broadly referred to as consumer neuroscience or neuromarketing (Ariely and
Berns 2010; Camerer, Loewenstein, and Prelec 2005; Dimoka 2012; Smidts et al.
2014; Venkatraman et al. 2012; Yoon et al. 2012).The interest in this subject
aroused in the past 90’s decade by Gerald Zaltman, a professor at Harvard
University, that in the pursuit of consumer research began to study MRI and
brain activity. Nevertheless, only in 2002 the term was coined by BrightHouse –
a marketing firm in the USA (Morin, 2011).

The neuromarketing emerges as an
application of neuroscience to marketing by quantifying the consumer reaction
to an element or product in advertising with the usage of any mensuration of
brain activity. In fact, the use of this tools allowed the growth of a new
industry in the past decade due to a combination of technological advances in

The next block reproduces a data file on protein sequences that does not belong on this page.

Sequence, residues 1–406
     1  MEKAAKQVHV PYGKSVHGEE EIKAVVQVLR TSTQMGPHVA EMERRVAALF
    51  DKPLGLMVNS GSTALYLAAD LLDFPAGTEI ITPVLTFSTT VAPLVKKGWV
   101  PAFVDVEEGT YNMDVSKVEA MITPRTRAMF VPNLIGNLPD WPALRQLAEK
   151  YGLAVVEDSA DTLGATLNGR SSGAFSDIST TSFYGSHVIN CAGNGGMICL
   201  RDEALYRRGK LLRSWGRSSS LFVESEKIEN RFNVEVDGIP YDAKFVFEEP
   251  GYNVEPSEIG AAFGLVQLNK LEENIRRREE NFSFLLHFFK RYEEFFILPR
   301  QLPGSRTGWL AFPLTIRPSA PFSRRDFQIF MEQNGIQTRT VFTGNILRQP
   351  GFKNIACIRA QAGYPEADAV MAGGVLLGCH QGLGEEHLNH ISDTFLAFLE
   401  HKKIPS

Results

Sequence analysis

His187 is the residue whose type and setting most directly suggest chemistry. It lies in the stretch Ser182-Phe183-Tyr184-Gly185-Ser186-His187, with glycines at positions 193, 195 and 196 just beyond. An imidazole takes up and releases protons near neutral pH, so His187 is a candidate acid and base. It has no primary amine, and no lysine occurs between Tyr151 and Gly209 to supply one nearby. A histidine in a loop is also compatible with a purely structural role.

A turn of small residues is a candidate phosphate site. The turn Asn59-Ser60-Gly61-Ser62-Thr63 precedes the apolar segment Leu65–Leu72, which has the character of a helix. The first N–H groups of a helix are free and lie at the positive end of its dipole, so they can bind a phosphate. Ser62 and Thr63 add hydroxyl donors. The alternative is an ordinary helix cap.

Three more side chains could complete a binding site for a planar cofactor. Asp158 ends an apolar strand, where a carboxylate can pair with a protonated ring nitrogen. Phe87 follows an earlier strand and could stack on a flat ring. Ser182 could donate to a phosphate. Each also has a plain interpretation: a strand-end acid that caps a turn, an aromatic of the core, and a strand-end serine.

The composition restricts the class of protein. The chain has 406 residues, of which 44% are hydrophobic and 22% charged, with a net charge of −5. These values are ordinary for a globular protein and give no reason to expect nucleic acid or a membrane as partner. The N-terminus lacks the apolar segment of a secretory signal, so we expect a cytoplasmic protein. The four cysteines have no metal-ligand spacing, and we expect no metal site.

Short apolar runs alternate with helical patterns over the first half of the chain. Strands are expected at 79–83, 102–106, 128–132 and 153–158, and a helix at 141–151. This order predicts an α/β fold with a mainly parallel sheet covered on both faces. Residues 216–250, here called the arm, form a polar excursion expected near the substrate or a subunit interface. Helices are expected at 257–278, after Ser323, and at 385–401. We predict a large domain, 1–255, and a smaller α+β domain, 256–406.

fMRI, electroencephalography (EEG), eye tracking, and other neurophysiological
tools with increased accessibility of these methods due to decreased
administration costs (Dimoka, Pavlou, and Davis 2011). Given the fact that
these tools work at the subconscious level of the individual, they are more
trustworthy because they permit to surpass all barriers and difficulties in
transmitting ideas and are better to understand client preferences than other
types of market research (that have some limitations).

This improvement was allowed by
some knowledge like mapping of the brain, the nervous system function and